Ostrom’s work primarily focused on natural resources, such as rivers, lakes, fisheries, and forests.  The LabGov project expands on, and extends, Ostrom’s line of inquiry to a new field entirely: the city.  Using Ostrom’s many insights and design principles as guidance, the LabGov attempts to understand and explicate how, under what circumstances, using which tools, and according to which principles, coalitions of individuals come together in urban contexts to share, enjoy and utilize their shared living spaces and resources. 

LabGov treats the city as a “commons,” or a shared, open access resource to which its residents are entitled to utilize and enjoy for their mutual advantage and benefit.  It explores the creative, nuanced, and multi-faceted ways that communities, local governments, civil society organizations, and certain private actors collaborate together to enjoy, govern and use their city in this way.  Finally, it attempts to identify the patterns, themes, and commonalities, what we refer to as the “design principles,” that make certain initiatives successful, sustainable and accessible to all members of the community in ways that advance principles of distributive justice.

LabGov Georgetown’s Mission    

Sketch by Becca Barad of the Co-City Method which underlies the study of the commons

LabGov Georgetown brings the study of the commons to Georgetown’s McCourt School of Public Policy in Washington DC through a partnership with the original LabGov based in Rome, Italy. LabGov Georgetown is the primary U.S. based research site for the exchange of ideas among scholars and practitioners to refine and improve experimental policies and projects specifically relating to the urban commons, a nascent and cutting-edge area of study spearheaded by Professors Sheila Foster and Christian Iaione. LabGov Georgetown is co-host to the groundbreaking international applied research project, the “Co-Cities Project” under the direction of Professor Sheila Foster. The Co-Cities project is collecting data on public policies and local projects from cities around the world that are spurring innovative approaches to shared urban resources. To date, the project has collected data on over 400 projects from over 100 cities!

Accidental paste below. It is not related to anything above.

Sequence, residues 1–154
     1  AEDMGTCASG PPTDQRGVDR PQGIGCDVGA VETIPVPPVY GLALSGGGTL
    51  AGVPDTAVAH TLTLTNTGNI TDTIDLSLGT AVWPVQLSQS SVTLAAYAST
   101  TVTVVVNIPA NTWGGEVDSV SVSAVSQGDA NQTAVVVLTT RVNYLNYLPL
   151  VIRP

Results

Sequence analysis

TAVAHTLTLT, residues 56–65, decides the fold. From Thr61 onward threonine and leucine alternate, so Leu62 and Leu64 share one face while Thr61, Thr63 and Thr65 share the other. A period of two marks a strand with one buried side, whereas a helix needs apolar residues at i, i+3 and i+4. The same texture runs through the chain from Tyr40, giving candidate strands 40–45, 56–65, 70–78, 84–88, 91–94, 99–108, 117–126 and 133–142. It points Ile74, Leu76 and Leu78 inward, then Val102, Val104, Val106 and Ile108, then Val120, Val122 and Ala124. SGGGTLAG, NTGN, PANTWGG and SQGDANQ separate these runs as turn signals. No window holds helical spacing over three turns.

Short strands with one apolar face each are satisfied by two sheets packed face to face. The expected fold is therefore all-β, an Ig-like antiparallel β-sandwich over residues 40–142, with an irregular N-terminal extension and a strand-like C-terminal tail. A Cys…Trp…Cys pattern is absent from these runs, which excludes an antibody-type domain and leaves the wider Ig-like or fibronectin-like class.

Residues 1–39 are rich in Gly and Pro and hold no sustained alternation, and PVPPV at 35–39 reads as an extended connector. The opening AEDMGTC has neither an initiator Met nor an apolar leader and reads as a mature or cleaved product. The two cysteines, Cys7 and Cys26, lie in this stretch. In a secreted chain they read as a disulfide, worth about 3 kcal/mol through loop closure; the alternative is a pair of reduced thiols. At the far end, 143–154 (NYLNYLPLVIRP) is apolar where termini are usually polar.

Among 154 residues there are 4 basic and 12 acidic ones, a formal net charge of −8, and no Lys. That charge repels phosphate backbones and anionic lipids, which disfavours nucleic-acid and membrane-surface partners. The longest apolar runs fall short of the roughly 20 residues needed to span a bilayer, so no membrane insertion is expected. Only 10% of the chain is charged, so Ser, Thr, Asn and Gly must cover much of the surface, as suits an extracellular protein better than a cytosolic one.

*Sketch compliments of artist Becca Barad (@BeccaB_Rad).

As part of the Co-Cities Project, LabGov is also developing a prototype of an institutionalized process to govern resources in cities as a collaborative commons. It will help to develop the Co-Cities research program at Georgetown, coordinating with local researchers working in all regions of the globe. LabGov Georgetown hopes to integrate and connect its work on the urban commons with the work of researchers working on similar issues at Georgetown. In this way, LabGov is an interdisciplinary and internationally-focused project that hopes to attract scholars and practitioners alike in the project of developing and expanding our understanding of the urban commons and how it can be co-governed.

Read our Latest Blog Post: “Ostrom in the City: Design Principles for the Urban Commons,” August 20, 2017.

Read about the Exciting and Successful “Celebrating Commons Scholarship” Conference held at Georgetown University on Oct 5-6, 2018.

Check out Other Active LabGovs Around the Globe.